Crazy Horse Monument History

Published on March 10, 2011 by Amy

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Crazy Horse Memorial in the Black hills of South Dakota

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Crazy Horse Monument

The Crazy Horse Memorial is a mountain monument under construction in the Black Hills of South Dakota, in the form of Crazy Horse, an Oglala Lakota warrior, riding a horse and pointing into the distance. The memorial was commissioned by Lakota Chief Henry Standing Bear to be sculpted by Korczak Ziółkowski.

The memorial consists of the mountain carving (monument), the Indian Museum of North America, and the Native American Cultural Center. The monument is being carved out of Thunderhead Mountain on land considered sacred by some Native Americans, between Custer and Hill City, roughly 17 miles away from Mount Rushmore.

The sculpture’s final dimensions are planned to be 641 feet (195 m) wide and 563 feet (172 m) high. The head of Crazy Horse will be 87 feet (27 m) high; by comparison, the heads of the four U.S. Presidents at Mount Rushmore are each 60 feet (18 m) high.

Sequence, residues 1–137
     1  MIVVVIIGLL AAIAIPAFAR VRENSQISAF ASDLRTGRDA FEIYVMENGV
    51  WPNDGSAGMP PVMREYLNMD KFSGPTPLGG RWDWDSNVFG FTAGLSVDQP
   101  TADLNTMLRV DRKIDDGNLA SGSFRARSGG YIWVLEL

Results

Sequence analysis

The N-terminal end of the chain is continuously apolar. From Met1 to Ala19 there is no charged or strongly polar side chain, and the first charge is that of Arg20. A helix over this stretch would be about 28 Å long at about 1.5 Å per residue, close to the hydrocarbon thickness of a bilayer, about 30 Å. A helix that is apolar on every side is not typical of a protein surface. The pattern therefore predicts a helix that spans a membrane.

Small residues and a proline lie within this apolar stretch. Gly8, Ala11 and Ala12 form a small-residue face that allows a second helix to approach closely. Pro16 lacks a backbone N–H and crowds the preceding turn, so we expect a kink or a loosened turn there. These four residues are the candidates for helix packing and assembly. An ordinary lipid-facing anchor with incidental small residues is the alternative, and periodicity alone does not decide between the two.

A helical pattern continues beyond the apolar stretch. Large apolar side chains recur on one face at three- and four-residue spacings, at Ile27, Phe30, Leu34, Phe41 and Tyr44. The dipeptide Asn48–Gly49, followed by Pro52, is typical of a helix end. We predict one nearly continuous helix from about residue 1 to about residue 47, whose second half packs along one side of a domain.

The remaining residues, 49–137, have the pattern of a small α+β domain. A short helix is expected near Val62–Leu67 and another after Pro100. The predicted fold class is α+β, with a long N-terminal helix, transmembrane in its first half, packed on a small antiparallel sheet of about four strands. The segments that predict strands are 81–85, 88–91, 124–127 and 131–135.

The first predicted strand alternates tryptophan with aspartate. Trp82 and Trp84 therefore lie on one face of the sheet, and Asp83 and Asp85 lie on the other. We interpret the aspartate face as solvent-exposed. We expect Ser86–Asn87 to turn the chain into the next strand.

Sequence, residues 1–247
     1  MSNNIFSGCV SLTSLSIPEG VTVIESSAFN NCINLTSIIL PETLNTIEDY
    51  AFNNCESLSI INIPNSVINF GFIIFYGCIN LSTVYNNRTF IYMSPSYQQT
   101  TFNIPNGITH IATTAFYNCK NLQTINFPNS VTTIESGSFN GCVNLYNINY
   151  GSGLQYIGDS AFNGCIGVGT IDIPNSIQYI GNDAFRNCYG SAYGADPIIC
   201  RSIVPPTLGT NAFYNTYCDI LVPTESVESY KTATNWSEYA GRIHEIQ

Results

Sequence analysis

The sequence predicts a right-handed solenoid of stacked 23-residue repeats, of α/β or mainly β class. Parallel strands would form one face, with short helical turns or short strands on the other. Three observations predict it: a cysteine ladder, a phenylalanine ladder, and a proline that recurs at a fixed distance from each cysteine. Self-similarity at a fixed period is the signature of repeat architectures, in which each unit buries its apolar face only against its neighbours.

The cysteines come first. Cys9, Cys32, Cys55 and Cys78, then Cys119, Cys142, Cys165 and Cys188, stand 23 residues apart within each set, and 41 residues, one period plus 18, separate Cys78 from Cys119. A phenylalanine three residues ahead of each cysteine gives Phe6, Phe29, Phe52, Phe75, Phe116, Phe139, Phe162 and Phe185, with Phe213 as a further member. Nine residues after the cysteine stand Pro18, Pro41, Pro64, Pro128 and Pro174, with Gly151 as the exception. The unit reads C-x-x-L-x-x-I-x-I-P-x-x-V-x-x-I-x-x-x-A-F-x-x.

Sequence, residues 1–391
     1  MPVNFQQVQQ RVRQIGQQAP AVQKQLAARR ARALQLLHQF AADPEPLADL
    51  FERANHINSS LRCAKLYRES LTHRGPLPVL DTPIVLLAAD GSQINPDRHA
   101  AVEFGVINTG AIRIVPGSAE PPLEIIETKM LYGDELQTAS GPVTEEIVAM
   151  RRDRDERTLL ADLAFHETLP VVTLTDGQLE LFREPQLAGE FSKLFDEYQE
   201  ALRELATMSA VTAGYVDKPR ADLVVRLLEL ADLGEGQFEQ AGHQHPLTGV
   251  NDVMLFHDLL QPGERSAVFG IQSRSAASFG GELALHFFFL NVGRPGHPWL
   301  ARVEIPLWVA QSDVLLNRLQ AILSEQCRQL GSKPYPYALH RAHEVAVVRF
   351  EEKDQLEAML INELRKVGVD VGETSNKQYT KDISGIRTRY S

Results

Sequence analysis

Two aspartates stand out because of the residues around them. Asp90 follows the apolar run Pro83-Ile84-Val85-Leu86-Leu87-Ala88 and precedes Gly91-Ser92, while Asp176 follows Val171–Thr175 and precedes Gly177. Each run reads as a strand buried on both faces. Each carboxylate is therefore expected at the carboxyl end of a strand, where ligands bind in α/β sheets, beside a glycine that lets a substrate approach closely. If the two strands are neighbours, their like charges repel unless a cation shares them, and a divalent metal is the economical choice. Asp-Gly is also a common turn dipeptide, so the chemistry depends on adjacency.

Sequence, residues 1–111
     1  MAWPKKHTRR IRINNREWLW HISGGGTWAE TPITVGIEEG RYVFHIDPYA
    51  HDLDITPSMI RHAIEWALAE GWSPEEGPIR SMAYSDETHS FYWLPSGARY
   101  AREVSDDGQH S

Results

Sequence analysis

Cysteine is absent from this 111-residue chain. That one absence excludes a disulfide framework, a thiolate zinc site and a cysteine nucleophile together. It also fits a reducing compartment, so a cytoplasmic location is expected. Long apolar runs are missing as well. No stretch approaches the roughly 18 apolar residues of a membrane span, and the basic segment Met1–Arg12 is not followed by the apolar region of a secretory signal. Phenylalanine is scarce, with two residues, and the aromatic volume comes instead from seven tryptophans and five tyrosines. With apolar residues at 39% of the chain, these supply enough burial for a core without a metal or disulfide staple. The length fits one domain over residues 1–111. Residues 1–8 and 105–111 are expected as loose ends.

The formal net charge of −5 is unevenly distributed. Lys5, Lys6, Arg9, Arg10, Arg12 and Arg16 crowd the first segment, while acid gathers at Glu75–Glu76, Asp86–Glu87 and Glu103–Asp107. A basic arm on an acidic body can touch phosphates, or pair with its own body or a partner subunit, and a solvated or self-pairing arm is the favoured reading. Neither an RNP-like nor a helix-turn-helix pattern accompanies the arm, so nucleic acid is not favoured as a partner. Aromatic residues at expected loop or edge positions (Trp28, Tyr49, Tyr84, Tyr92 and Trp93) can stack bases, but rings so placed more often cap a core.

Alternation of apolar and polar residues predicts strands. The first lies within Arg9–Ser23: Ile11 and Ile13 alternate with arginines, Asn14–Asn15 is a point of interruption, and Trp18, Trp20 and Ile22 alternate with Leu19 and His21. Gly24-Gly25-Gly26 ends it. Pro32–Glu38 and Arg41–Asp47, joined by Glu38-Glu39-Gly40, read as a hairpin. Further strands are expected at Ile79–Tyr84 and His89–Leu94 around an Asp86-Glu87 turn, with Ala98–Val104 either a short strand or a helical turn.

The monument has been in progress since 1948 and is still far from completion. If completed, it may become the world’s largest sculpture, as well as the first non-religious statue to hold this record since 1967; the last being Russia’s Mamayev Monument.

History

The mountain carving was begun in 1948 by a Polish American sculptor Korczak Ziółkowski, who had worked on Mount Rushmore under Gutzon Borglum in 1924. In 1939, Ziolkowski had received a letter from Chief Henry Standing Bear, which stated in part “My fellow chiefs and I would like the white man to know that the red man has great heroes, too.” Chief Henry Standing Bear and sculptor Korczak Ziolkowski scouted potential monument sites together. Ziolkowski wanted to carve the memorial in the Wyoming Tetons where the rock was better for sculpting, but the Sioux leaders insisted it be carved in the sacred Black Hills of South Dakota.

The memorial is a non-profit undertaking, and receives no federal or state funding. Ziolkowski was offered $10 million from the federal government on two occasions, but he turned the offers down. Ziolkowski felt the project was more than just a mountain carving, and he feared that his plans for the broader educational as well as cultural goals for the memorial would be left behind with federal involvement.

Ziolkowski died in 1982. The entire complex is owned by the Crazy Horse Memorial Foundation. Ziolkowski’s wife Ruth and their ten children remain closely involved with the work, which has no fixed completion date. The face of Crazy Horse was completed and dedicated in 1998.

Source: Wikipedia

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@ article {NativeAmericanEncyclopedia.com2015,
    title = {NativeAmericanEncyclopedia.com Unabridged},
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    day = 27,
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}
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